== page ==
Hoping to see you in Amsterdam!

Philip Verhagen
Jamie Joyce
Mark Groenhuijzen

SESSSION 1: Modelling the agricultural economy in the Roman world

The necessity of the agricultural economy in the Roman world is undoubted. Most of the population in the Roman world engaged in agriculture- peasants balancing on the edge between famine and sufficiency, obliged not only to support their households but also to supply the state with supplies and manpower. Yet, the adage that our understanding of the classical world is formed largely from the ancient elites is still pertinent. The peasant in the classical world remains largely invisible and so too the economy and subsistence of the vast majority of the inhabitants in the Roman world. Furthermore, whilst we have a broad knowledge of the rural economy in the Roman world such as diet, farming practices and technology, and quantification of agricultural output, we are still missing more detailed understanding in variations across the empire on different scales.

The Finding the Limits of the Limes project has focused on the rural native economy of the Dutch Roman limes zone which was characterised by a mixed agricultural economy in a highly militarised frontier zone. In addition, the project has researched non-food producing activities namely fuel and wood management. We have utilized an agent-based modelling approach to simulate different strategies within the mixed agricultural economy of the region, with a particular interest in interactions between the different activities and the limits on surplus production presented by land and labour costs for these different approaches to agriculture. Furthermore, we have simulated the rural economy over different geographic and temporal scales: from the pre-Roman Iron Age to the Middle Roman Period, from the household to the micro-region.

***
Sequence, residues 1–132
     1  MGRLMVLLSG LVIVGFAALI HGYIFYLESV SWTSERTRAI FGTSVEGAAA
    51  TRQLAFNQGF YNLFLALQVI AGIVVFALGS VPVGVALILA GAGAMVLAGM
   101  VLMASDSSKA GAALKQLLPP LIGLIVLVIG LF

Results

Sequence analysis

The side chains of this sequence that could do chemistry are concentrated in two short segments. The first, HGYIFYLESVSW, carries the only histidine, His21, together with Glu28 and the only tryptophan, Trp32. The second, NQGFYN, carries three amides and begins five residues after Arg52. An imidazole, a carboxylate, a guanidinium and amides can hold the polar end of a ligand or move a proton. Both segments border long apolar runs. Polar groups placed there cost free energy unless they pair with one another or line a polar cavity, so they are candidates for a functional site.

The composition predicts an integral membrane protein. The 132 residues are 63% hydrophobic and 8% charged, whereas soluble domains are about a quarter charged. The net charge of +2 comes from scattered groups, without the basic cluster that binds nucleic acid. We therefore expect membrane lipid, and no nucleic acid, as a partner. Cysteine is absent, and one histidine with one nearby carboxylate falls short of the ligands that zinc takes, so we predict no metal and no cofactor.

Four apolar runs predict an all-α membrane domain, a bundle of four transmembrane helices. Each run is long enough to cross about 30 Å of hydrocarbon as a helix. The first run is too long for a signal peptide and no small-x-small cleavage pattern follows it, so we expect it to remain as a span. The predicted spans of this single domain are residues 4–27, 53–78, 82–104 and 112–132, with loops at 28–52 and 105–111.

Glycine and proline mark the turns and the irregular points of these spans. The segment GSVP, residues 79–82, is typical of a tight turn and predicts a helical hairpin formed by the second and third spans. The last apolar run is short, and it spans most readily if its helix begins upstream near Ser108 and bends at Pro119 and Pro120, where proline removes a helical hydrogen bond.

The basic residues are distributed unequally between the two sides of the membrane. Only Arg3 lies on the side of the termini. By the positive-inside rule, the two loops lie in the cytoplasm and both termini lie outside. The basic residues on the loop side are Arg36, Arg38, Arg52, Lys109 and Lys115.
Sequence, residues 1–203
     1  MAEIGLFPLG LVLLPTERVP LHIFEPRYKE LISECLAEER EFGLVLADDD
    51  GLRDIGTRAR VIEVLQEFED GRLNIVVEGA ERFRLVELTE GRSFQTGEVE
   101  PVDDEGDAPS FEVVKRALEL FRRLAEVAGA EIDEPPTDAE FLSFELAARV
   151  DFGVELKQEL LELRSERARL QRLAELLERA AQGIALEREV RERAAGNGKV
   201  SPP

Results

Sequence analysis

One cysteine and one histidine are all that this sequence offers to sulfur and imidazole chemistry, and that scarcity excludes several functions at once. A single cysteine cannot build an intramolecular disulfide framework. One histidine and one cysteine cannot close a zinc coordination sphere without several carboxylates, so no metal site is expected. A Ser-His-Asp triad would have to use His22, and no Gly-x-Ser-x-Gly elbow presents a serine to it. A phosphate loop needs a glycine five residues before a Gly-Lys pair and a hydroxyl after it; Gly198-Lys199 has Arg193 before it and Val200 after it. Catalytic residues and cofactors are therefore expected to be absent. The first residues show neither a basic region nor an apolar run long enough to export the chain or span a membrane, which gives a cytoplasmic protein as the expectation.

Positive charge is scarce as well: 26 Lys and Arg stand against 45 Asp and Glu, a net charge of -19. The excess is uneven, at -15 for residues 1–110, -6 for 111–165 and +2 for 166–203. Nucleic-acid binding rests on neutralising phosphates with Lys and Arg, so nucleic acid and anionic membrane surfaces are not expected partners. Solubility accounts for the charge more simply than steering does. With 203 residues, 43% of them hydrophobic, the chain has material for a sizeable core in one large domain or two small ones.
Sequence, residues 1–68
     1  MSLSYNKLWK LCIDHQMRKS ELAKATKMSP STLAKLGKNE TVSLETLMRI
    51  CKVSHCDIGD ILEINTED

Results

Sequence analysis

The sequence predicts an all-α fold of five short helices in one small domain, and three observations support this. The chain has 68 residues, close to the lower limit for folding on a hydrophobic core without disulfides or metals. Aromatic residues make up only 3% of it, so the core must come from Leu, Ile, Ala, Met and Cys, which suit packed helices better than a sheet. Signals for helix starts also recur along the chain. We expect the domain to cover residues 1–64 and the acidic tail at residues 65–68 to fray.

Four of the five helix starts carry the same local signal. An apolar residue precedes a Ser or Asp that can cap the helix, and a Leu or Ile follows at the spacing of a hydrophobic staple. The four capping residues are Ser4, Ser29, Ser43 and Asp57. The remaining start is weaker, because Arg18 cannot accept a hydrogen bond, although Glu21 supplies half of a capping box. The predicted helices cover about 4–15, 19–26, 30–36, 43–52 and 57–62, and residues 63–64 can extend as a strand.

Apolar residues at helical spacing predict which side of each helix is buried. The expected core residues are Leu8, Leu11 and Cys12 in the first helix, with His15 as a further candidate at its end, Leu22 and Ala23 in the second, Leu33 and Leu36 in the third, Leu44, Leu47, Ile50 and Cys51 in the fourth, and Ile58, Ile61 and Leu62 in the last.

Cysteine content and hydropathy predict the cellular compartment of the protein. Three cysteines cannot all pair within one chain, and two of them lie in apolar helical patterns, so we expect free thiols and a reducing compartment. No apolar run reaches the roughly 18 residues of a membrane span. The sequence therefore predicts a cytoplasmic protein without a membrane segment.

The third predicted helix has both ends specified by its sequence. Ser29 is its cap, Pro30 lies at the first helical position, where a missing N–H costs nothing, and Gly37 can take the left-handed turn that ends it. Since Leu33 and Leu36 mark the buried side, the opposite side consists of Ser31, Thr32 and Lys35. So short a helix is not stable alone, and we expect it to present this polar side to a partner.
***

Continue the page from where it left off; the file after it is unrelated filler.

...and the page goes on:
To complement and contrast with our research in the Dutch Roman limes zone, we invite contributions concerning the rural economy in the Roman world. In particular, we seek papers concerning:

  • Defining the limits of agricultural production within the rural economy (such as animal husbandry, arable farming, and fuel-management) in the northern Roman provinces.
  • Multidisciplinary approaches for the understanding of agriculture in the Roman world incorporating, where applicable, traditional archaeological methods, environmental archaeology and computational modelling.
  • The interactions between consumers and native producers in the Roman world, particularly the supply to and demand from the Roman military

SESSION 2: Modelling demography in the Roman Empire

Demographic studies of the Roman Empire have a long history, but are severely hampered by a lack of reliable written sources. In the absence of such sources, archaeologists routinely rely on survey and excavation data to estimate population densities, but these only provide limited understanding of the underlying principles of human population dynamics that would allow us to confidently predict the size and composition of (parts of) the Roman population. Nevertheless, knowledge of historic population dynamics is extremely important for a better understanding of all kinds of socio-economic issues. In our project, we have used demographic estimates to better understand the potential of the study region for agricultural surplus production: was there sufficient labour force available, and did the forced recruitment of soldiers pose significant problems to the local population? For this, we relied on dynamical models of human reproduction, and confronted the model results with archaeological data and historical evidence.

In this session, we invite papers that apply modelling approaches to demographic questions in order to investigate socio-economic issues, such as the production capacity of the countryside, population growth and settlement pattern development, the impact of mortality crises on economic production and military power, or the influence of birth and marriage control strategies on available workforce. We also invite papers dealing with the problems of building reliable and usable demographic models, including their sensitivity to changes in input parameters, the choice of an appropriate temporal and spatial scale, and the problems of testing the outcomes.

SESSION 3: Modelling transport and mobility in the Roman period